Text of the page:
EXPLORING HUMANITY. UNDERSTANDING OUR WORLD. Since 1907.
The School for Advanced Research is one of North America’s preeminent independent institutes for the study of anthropology, related social sciences, and humanities. SAR is home to the Indian Arts Research Center, one of the nation’s most important Southwest Native American art research collections. Through scholar residencies, artist fellowships, SAR Press, and public programs, SAR advances our understanding of humankind in an increasingly interconnected world.
Community lives not only in people, but in places. Places like El Delirio, originally home to Amelia Elizabeth and Martha Root White and now the home of the School for Advanced Research. Thanks to the vision of so many people—beginning with the White sisters and...
To celebrate the publication of SAR Press’s most recent Advanced Seminar volume, Archaeologies of Empire (2020), we have brought together editors of this book and our previously published Imperial Formations (2007) to discuss new insights and intersections in their work.
Join SAR on December 10, 2020, for a virtual program exploring the ongoing national dialogues concerning historical markers, monuments, and memory making.
SAR Welcomes New 2020 Board Members: Perspectives from the Arts, Law, Academics, and Business Community
The School for Advanced Research in Santa Fe, New Mexico, is pleased to welcome five new members to the board of directors: Helen Brooks, Elizabeth Glassman, June Lorenzo, Rick Vaughan, and Scott Waugh.
SAR Announces 2019-2020 Native American Artist Fellows: Mikayla Patton, Venancio Aragon, and Neebinnaukzhik Southall.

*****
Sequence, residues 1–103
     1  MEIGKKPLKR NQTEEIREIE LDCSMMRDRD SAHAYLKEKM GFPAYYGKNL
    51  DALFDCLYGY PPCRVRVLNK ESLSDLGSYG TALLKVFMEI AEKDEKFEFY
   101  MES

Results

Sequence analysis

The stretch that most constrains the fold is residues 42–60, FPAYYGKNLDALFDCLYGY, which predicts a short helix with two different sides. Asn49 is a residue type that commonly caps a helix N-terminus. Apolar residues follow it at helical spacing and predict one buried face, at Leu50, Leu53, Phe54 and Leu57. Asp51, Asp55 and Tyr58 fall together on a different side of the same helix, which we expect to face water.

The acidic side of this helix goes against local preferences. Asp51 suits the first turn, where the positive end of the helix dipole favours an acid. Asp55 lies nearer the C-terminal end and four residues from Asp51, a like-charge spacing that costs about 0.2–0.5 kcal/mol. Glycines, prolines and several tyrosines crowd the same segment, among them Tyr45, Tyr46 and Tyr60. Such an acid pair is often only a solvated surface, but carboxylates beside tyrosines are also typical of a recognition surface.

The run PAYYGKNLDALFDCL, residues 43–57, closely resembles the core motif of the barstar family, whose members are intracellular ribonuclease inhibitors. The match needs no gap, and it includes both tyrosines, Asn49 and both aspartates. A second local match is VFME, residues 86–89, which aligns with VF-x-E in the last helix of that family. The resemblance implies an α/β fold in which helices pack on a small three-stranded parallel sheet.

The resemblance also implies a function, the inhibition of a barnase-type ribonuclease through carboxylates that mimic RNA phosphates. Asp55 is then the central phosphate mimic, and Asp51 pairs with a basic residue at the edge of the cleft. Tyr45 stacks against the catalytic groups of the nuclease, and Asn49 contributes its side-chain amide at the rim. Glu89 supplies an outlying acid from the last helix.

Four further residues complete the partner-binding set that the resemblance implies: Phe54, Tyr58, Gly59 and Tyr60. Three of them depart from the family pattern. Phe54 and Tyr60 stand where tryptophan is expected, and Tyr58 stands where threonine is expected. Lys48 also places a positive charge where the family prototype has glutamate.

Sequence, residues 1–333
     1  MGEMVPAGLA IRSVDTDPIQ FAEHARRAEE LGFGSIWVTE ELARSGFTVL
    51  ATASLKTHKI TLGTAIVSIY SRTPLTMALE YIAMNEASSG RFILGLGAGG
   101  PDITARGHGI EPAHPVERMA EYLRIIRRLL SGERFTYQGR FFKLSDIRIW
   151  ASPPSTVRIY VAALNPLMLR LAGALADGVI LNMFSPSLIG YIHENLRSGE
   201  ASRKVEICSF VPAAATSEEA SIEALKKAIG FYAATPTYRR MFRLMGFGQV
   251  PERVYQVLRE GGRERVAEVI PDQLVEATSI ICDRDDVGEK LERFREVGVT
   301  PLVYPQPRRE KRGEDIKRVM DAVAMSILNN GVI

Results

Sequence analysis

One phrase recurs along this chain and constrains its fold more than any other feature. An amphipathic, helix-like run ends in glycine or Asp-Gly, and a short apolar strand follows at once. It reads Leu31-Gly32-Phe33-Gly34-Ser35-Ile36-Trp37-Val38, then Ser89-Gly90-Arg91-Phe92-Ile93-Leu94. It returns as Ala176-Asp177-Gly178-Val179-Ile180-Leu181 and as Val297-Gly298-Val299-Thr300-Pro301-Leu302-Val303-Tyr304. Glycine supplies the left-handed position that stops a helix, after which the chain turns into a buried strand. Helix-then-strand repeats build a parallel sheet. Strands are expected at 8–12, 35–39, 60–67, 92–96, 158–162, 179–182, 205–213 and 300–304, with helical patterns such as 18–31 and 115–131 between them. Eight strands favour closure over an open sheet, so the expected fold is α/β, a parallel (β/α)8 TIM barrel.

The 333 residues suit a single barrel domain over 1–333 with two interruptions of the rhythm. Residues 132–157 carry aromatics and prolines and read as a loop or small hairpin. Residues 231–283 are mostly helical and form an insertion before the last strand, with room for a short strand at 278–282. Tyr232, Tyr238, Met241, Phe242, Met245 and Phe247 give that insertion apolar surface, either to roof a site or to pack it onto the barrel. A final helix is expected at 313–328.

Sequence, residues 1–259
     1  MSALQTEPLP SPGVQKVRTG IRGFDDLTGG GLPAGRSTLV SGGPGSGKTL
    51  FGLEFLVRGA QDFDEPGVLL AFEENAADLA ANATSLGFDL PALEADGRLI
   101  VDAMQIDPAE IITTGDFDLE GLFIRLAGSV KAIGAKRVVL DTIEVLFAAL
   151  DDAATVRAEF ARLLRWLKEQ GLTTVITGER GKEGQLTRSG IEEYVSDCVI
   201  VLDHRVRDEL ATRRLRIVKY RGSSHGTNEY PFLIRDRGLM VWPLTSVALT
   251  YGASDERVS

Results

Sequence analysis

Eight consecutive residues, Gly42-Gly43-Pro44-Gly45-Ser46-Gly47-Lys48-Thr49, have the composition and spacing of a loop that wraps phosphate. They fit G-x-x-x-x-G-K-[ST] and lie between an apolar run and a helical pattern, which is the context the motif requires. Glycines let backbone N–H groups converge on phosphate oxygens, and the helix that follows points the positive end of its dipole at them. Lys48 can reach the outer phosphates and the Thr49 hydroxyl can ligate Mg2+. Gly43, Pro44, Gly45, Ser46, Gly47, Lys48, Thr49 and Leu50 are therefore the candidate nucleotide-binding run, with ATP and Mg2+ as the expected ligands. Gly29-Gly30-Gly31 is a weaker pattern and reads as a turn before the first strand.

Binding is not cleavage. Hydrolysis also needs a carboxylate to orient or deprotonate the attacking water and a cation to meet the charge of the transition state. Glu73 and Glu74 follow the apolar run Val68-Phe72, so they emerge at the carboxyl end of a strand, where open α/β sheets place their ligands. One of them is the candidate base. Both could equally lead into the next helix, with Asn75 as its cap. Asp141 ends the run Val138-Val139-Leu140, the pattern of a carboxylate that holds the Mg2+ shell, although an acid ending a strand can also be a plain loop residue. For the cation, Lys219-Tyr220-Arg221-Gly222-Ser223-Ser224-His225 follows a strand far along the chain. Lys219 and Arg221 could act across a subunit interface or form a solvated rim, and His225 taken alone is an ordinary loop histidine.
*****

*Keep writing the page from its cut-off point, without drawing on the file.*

SCHOLARS AND ARTISTS IN THE NEWS
Deborah A. Boehm was a 2013 visiting research associate at SAR and is now a professor in the Department of Anthropology and chair of the Department of Gender, Race, and Identity at the University of Nevada, Reno. She will be participating in a conversation with Jason De León and other scholars during SAR’s Beyond Borders Symposium on August 21, 2020, 10:00 a.m. MDT. We spoke about her year as a Mellon/ACLS Scholars & Society fellow and her most recent work on the US immigration detention system.
A selection of this year’s resident scholars—who study everything from ancient drinking practices in Chaco Canyon to the newly built Delhi metro—have recommended the SAR Press books they find most useful, thought provoking, or even just enjoyable. We hope you enjoy them, too.
From excavations of Chaco in the early nineteenth century to the latest research on cosmology, monumental architecture, and long-distance trade, SAR has supported scholars who wish to understand and protect this unique place—and shared their findings with other researchers and the public.
While in residence at SAR, C. J. Alvarez is working on a history of the Chihuahuan Desert that considers this area as an ecosystem rather than a political territory along a border. As we talked, I learned more about his new environmental history of the border region and what he’s gaining from his time in Santa Fe.
ALL PRESS INQUIRIES
Director of Public Programs and Communications
Michael F. Brown
President, School for Advanced Research
Subjects: Anthropology and popular culture, indigenous peoples of Amazonia, new religious movements, protecting indigenous cultural property from misuse
Acting Director, Indian Arts Research Center
Subjects: Museum education, Museums and Native Source community collaboration, Southwestern Native American Art, Museum Practices with Native American Communities
Director, SAR Scholar Programs
Subjects: Cuban diaspora, cultural anthropology